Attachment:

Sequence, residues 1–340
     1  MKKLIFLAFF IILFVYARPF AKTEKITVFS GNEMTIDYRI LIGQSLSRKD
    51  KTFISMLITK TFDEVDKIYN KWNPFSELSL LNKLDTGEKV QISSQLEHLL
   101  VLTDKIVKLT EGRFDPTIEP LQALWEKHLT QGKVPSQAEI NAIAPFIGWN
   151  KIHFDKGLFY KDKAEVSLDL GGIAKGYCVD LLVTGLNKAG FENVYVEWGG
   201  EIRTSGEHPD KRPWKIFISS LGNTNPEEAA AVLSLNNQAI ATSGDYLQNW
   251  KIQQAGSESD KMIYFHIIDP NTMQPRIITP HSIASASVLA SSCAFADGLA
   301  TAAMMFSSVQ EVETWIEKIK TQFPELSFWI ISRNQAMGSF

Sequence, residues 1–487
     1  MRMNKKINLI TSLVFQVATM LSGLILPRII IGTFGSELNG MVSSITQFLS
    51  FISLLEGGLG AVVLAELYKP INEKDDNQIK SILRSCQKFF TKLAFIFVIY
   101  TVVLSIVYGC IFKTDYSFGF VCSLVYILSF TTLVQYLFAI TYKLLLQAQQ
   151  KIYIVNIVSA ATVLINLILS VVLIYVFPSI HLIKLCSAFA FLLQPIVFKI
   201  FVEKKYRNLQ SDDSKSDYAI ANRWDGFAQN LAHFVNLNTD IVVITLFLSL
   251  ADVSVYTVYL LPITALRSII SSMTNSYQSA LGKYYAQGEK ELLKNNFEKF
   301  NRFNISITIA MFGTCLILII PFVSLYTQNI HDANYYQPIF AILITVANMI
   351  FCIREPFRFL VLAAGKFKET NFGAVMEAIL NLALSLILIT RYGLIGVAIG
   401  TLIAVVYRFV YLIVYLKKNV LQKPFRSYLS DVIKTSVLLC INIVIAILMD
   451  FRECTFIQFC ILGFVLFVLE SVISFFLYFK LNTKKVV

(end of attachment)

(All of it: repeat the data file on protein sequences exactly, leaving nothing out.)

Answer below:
Sequence, residues 1–340
     1  MKKLIFLAFF IILFVYARPF AKTEKITVFS GNEMTIDYRI LIGQSLSRKD
    51  KTFISMLITK TFDEVDKIYN KWNPFSELSL LNKLDTGEKV QISSQLEHLL
   101  VLTDKIVKLT EGRFDPTIEP LQALWEKHLT QGKVPSQAEI NAIAPFIGWN
   151  KIHFDKGLFY KDKAEVSLDL GGIAKGYCVD LLVTGLNKAG FENVYVEWGG
   201  EIRTSGEHPD KRPWKIFISS LGNTNPEEAA AVLSLNNQAI ATSGDYLQNW
   251  KIQQAGSESD KMIYFHIIDP NTMQPRIITP HSIASASVLA SSCAFADGLA
   301  TAAMMFSSVQ EVETWIEKIK TQFPELSFWI ISRNQAMGSF

Sequence, residues 1–487
     1  MRMNKKINLI TSLVFQVATM LSGLILPRII IGTFGSELNG MVSSITQFLS
    51  FISLLEGGLG AVVLAELYKP INEKDDNQIK SILRSCQKFF TKLAFIFVIY
   101  TVVLSIVYGC IFKTDYSFGF VCSLVYILSF TTLVQYLFAI TYKLLLQAQQ
   151  KIYIVNIVSA ATVLINLILS VVLIYVFPSI HLIKLCSAFA FLLQPIVFKI
   201  FVEKKYRNLQ SDDSKSDYAI ANRWDGFAQN LAHFVNLNTD IVVITLFLSL
   251  ADVSVYTVYL LPITALRSII SSMTNSYQSA LGKYYAQGEK ELLKNNFEKF
   301  NRFNISITIA MFGTCLILII PFVSLYTQNI HDANYYQPIF AILITVANMI
   351  FCIREPFRFL VLAAGKFKET NFGAVMEAIL NLALSLILIT RYGLIGVAIG
   401  TLIAVVYRFV YLIVYLKKNV LQKPFRSYLS DVIKTSVLLC INIVIAILMD
   451  FRECTFIQFC ILGFVLFVLE SVISFFLYFK LNTKKVV